Inflammatory Bowel Disease in a Child with Sickle Cell Anemia
Sickle cell anemia (SCA) is a chronic haemoglobinopathy that can affect many organs in the body including gastrointestinal tract. However, colonic involvement is very rare and usually in the form of ischemic colitis. We are reporting an 11-year-old Saudi girl with SCA who presented with persistent diarrhea and was found to have inflammaftory bowel disease.
Homozygous sickle cell anemia (SCA) is an autosomal recessive chronic haemoglobinopathy characterized by abnormal globin chain of hemoglobin (Hb) content of the red blood cells that result in “sickle” shapes, attraction of RBCs to each other, and polymerization when in a low oxygen environment. The RBC polymerization leads to manifestations such as chronic occlusion of blood vessels (vasoocclusion), reduced blood flow to vital organs (ischemia), and alterations of the immune system. The gastrointestinal manifestation of SCA varies [1, 2]. We are reporting a child with SCA who presented with chronic colitis resembling inflammatory bowel disease.
2. The Case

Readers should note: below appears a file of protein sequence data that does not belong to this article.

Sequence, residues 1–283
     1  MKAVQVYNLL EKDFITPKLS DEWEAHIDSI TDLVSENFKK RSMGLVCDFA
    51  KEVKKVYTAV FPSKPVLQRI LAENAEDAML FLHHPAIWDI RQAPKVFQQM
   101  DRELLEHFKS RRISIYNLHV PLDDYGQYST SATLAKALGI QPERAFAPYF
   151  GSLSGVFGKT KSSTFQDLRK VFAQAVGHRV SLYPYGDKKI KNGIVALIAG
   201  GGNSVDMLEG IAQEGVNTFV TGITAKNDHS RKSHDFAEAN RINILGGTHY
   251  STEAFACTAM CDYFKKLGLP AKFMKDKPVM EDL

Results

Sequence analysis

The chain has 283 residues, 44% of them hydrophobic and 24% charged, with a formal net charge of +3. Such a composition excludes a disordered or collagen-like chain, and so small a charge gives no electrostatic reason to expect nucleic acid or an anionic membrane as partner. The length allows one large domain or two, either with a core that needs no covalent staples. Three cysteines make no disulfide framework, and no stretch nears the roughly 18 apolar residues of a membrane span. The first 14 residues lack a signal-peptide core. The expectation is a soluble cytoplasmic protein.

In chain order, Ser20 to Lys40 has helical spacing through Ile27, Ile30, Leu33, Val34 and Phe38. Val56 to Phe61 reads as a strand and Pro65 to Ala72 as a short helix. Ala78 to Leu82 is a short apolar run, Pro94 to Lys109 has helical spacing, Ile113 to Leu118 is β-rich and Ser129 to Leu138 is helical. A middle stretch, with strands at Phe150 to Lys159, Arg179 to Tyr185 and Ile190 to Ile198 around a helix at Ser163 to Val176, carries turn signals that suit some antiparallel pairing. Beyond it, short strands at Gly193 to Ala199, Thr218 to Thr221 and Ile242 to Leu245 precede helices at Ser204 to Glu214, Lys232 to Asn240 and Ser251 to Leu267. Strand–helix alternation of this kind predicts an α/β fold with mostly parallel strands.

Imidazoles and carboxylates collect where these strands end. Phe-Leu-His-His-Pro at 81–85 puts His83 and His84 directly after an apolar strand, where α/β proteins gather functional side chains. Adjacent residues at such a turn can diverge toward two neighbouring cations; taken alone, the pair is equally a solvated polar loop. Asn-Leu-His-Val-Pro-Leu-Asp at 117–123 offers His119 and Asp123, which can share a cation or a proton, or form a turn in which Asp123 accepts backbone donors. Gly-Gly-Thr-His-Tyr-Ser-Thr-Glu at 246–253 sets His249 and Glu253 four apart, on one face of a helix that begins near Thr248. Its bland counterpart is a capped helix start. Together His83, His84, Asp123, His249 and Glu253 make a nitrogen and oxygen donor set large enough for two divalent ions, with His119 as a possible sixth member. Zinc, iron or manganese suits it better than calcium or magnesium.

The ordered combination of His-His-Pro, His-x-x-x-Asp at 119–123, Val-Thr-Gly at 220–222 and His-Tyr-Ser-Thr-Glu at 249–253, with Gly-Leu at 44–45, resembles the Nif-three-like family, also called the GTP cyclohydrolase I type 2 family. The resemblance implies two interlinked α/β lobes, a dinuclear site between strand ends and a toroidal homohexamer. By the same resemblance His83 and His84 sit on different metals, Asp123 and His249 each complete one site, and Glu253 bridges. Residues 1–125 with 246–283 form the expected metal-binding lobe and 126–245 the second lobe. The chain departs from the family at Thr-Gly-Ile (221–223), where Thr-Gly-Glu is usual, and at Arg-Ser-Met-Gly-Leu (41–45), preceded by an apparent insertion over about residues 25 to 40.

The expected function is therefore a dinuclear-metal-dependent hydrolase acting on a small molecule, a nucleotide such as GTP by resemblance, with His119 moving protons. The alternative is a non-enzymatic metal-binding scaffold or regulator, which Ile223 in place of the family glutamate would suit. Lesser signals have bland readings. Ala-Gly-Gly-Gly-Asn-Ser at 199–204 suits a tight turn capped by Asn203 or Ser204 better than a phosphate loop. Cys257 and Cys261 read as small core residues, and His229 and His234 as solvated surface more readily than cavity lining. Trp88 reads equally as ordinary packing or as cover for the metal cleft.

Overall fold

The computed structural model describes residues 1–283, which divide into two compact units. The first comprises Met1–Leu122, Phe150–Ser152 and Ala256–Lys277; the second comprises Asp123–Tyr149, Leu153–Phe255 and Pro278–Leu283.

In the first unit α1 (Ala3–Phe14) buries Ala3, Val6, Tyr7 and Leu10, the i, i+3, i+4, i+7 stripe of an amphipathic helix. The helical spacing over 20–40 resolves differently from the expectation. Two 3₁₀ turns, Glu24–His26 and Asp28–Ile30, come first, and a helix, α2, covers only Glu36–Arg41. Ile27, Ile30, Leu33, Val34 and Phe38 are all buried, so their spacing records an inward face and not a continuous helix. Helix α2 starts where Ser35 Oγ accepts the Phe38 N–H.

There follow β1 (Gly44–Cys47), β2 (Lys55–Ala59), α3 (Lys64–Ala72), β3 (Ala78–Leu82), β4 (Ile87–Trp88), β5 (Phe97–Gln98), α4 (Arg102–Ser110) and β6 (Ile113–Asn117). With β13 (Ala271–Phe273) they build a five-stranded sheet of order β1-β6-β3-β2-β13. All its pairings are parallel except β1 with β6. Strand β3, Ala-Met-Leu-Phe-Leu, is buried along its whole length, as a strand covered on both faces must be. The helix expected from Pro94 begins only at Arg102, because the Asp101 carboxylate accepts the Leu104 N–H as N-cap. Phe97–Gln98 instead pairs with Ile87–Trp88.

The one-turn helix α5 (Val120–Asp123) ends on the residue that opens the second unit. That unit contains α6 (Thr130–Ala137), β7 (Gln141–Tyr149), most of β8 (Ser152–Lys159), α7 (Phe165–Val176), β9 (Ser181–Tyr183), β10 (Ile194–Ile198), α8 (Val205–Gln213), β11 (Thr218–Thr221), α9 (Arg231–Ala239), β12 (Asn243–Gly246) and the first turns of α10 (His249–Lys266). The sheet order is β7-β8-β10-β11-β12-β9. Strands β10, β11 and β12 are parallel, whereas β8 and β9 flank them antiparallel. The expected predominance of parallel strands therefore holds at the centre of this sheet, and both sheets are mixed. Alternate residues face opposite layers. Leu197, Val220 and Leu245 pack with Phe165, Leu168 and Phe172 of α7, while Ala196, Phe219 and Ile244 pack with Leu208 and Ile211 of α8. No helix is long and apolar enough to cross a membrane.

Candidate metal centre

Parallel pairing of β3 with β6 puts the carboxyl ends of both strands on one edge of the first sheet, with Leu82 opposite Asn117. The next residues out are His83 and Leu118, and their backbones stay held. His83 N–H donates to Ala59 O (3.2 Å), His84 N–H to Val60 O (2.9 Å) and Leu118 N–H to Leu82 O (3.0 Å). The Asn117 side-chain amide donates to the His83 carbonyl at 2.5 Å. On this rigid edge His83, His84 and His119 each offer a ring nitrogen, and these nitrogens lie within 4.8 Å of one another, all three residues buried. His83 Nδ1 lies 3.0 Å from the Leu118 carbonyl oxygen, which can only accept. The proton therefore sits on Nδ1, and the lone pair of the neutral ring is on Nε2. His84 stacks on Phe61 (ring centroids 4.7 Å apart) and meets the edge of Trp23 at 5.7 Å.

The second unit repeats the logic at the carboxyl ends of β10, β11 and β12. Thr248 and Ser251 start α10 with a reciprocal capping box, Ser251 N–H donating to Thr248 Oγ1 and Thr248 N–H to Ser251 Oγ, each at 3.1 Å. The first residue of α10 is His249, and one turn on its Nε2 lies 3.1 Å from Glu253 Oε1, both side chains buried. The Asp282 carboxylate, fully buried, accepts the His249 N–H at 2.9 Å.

An 11-year-old Black Saudi female with homozygous sickle cell (SS) disease (SCD) presented with chronic diarrhea for more than one-year duration. Her bowel motions were mostly watery but occasionally were mixed with little blood. It was occurring up to six to eight times per day, in moderate volume, and occasionally disturbed her sleep at night. This diarrhea was associated with poor appetite and poor weight gain. She also had a history of urgency and tenesmus most of the time. The patient had history of mild intermittent periumbilical colicky abdominal pain for same duration. She and her parents denied any history of vomiting, abdominal distension, recurrent or persistent fever, joint pain or swelling, skin rash, or mouth ulcers. The patient has a history of frequent admissions in the past due to vasooclusive and hemolytic crisis and received blood transfusion many times for this reason. Laparoscopic cholecystectomy was done at the age of eight years. She is the second child for young healthy consanguineous parents. One older brother died with sickle cell disease complicated by stroke. She has another two brothers and one sister all alive and well. On physical examination, she looked pale but not jaundiced. She has mild finger clubbing, normal skin examination, and no lymphadenopathy. Her weight was 18 kg and height was 127 cm, both far below the third percentile for her age. Her vital signs were all within normal limits. The perianal examination revealed no abnormalities. The rest of physical examination was unremarkable. Her initial laboratory workup showed white blood count of 19000 cells/cm2 (85% neutrophils and eosinophils 0%), hemoglobin 7.8 g/dL, and platelets 631000/mm3 with reticulocyte 10.7%. Her erythrocyte sedimentation rate (ESR) was 60 mm and C-reactive protein was 10 mg/dL. The serum albumin was low (26 g/L) and total protein was 63 g/L. All serum electrolytes, urea, and creatinine were within normal limits. Serum immunoglobulins (IgG, IgA, and IgM) were normal. Screening for celiac disease using serum antiendomysial antibodies test was negative. Liver enzymes and bilirubin were within normal limits. Several stool analyses and cultures were negative for virus, ova, or parasite and were negative for Clostridium difficile cytotoxin as well. The serology tests for human immunodeficiency virus were negative. Barium meal and follow through study revealed a mild irregularity with nodular hypertrophy of the terminal ileum while gastrografin enema (Figure 1) showed mucosal thickening of the entire colon with loss of haustral folds. The patient underwent upper endoscopic and colonoscopic examinations. Upper gastrointestinal endoscopy and histology were normal. Colonoscopy revealed nodular terminal ileum with otherwise normal mucosa. The entire colon was abnormal and had a picture of pancolitis in form of friable and edematous mucosa with diffuse erythema and decreased vascular markings. Few scattered pseudopolyps could be seen in the colon as well. The biopsies from terminal ileum (Figure 2) showed scattered hyperplastic lymphoid follicles with germinal centers. One fragment shows complete villus flattening with heavy infiltration of admixture of inflammatory cells rich in plasma cells. Colonic biopsies (Figure 3) showed focally ulcerated colonic mucosa replaced by fibroblastic and inflammatory granulation tissue. The lamina propria contained focally branched and distorted glands and heavy infiltration by lymphocytes, plasma cells, and eosinophils with the presence of scattered lymphoid follicles. The muscularis mucosa was thickened and inflamed. No granuloma could be seen at any level.